Dhammapada 3: The Mind (Dhp 33–43)

A series of posts for my draft translation of the Dhammapada, for feedback and discussion. Final version will be on SuttaCentral.

The mind, it quivers and shakes,
hard to guard, hard to curb.
The discerning straighten it out,
like a fletcher straightens an arrow.

Like a fish pulled from the sea
and cast up on the shore,
this mind thrashes about,
trying to throw off Māra’s sway.

Hard to hold back, flighty,
alighting where it will;
it’s good to tame the mind—
a tamed mind leads to bliss.

So very hard to see, so subtle,
alighting where it will;
the discerning protect the mind,
a guarded mind leads to bliss.

The mind travels far, wandering alone;
incorporeal, it hides in a cave.
Those who will restrain the mind
are freed from Māra’s bonds.

Those of unsteady mind,
who don’t understand the true teaching,
and whose confidence wavers,
do not perfect their wisdom.

One whose mind is uncorrupted,
whose heart is undamaged,
who’s given up right and wrong—
alert, has nothing to fear.

Knowing this body breaks like a pot,
fortifying the mind like a citadel,
attack Māra with the sword of wisdom;
guard your conquest, and never settle.

All too soon this body
will lie down upon the earth,
bereft of consciousness,
tossed aside like a useless old log.

Whatever a hater might do to the hated,
or an enemy to their foe,
a wrongly directed mind
would do much worse than that to them.

Not even a mother or father,
or other relative would do so much;
a rightly directed mind
would do better than that to them.


I don’t know if this is helpful input, but I had to look this term up. I think bereft was also used in first section you translated and I had to do the same.

upon the shore*

“Alert” after a dash reads more like an interjection (“Danger!”) than an adjective. I recommend a comma instead.

“lie upon” (no need for “down”)

A bit of a tangle.


I agree. “will lie upon” describes a dead body’s state. “will lie down upon” sounds like an action a live body makes.

Perhaps you were highlighting the opposite of a straight arrow, but I don’t really think of a mind quivering or shaking. Maybe when an arrow hits it’s target it will quiver, but a bent arrow won’t even hit the target, as it’s uncontrollable.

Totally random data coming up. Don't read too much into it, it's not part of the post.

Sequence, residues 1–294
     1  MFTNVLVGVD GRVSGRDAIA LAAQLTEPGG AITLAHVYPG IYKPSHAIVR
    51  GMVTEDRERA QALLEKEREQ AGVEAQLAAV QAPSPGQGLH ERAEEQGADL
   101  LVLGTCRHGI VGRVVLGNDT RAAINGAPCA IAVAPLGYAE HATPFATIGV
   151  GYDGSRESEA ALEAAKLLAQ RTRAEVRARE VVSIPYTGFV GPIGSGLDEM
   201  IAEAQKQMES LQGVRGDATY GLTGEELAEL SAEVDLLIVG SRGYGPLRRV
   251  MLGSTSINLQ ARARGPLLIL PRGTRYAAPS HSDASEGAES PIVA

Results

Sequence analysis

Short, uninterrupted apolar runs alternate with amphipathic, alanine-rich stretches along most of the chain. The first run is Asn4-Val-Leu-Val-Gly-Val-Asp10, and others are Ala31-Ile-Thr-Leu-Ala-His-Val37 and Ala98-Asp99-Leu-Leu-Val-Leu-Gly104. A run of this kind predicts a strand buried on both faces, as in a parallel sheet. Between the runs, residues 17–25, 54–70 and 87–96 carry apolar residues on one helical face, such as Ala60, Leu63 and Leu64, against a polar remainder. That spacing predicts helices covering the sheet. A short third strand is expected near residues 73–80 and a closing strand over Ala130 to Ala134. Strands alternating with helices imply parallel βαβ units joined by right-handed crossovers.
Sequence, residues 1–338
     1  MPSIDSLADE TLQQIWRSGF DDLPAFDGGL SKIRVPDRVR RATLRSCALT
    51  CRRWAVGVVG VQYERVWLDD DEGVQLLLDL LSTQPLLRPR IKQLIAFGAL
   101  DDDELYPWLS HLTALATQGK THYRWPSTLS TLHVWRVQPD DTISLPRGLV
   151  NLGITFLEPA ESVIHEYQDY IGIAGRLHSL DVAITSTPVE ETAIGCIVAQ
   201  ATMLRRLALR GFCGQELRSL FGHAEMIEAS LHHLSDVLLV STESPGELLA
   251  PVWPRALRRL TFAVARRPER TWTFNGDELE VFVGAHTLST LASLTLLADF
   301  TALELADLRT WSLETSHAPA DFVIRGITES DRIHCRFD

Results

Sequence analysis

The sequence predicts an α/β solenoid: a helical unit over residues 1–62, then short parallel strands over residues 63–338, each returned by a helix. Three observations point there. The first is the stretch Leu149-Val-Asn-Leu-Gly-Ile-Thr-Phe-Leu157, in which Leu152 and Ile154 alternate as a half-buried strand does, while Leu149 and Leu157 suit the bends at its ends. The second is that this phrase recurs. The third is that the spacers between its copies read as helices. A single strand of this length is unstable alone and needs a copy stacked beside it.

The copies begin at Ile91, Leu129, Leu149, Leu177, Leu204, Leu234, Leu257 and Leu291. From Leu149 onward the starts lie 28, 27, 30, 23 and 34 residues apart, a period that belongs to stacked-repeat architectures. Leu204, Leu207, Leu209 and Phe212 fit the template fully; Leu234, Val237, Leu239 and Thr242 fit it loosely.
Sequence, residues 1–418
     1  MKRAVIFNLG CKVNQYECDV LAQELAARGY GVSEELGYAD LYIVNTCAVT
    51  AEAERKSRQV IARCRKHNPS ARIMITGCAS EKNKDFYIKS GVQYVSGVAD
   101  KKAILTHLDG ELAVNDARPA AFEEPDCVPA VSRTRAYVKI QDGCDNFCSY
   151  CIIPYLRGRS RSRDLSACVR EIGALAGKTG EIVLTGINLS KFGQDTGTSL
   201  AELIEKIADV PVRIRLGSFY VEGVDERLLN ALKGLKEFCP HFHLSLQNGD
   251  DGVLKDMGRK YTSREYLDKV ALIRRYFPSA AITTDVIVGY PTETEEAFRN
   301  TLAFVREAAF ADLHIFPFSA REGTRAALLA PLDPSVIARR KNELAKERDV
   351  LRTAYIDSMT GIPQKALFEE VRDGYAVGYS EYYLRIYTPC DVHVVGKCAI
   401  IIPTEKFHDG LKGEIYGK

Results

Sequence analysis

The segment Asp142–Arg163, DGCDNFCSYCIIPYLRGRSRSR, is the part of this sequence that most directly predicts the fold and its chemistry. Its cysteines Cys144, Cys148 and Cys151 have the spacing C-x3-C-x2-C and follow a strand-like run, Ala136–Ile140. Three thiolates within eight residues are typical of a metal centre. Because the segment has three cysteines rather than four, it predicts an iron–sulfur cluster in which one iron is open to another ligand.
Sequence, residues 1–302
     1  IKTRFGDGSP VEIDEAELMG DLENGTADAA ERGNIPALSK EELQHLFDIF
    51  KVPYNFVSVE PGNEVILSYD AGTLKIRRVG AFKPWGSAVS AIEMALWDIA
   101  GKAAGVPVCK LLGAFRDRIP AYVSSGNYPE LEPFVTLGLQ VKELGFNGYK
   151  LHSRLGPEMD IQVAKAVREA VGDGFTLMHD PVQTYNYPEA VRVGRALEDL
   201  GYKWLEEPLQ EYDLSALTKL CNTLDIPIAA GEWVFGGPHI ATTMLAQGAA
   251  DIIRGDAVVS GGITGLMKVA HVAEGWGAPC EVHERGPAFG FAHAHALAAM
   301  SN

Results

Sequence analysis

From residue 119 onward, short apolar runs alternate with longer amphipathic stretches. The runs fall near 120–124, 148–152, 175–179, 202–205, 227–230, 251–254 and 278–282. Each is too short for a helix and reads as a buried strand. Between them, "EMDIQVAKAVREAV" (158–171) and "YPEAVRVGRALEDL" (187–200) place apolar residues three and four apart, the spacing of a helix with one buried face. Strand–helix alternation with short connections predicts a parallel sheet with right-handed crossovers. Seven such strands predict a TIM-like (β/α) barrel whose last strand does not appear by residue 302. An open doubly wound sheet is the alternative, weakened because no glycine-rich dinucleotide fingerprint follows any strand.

So, what you’re saying is, thanks for expanding your vocab?

I don’t mind having an occasional somewhat obscure word. People like to learn things, and like to be stimulated. Pali verse is full of unusual forms and terms, and I want my translation to convey something of that. Of course it shouldn’t be too much, but a small challenge now and then is a good thing.

Thanks, i’ve adopted you other suggestions. Any help with disentangling? it’s weird with translations, sometimes you just look at it and okay, that’s it. Other times things are just bloody stubborn.

Not really, it’s just what the text says. I’m not sure that the imagery in the first two lines relates so directly to the last two.


It is a bit of a tricky verse! Perhaps:

Even a mother or father
or another relative can only do so much;

Or perhaps even:

Whatever a mother or father
or another relative could do,
a rightly directed mind
would do better than that for you.

How about:

A wrongly directed mind
would do worse to you
than a hater to the one they hate,
or an enemy to their foe.

A rightly directed mind
would do you more good
than your mother or father
or any other relative.


Or even more graphically!

Wrongly directing your mind
does worse things to you
than a hater does to the hated
or an enemy does to their foe

Rightly directing your mind
does you more good
than your mother or father
or other relatives ever could

[edit: but yes, that’s much clearer than v1]


Isn’t this slang?!

with metta,

Just a tiny feedback from a non-native :wink:

I like the word ‘bereft’. So, very poetic and the sound conveys a feeling of a definite loss, to my ears.


Bhikkhu Sujato

Could you kindly offer your personal commentary on the meaning of “a cave”?

Thank you :slightly_smiling_face: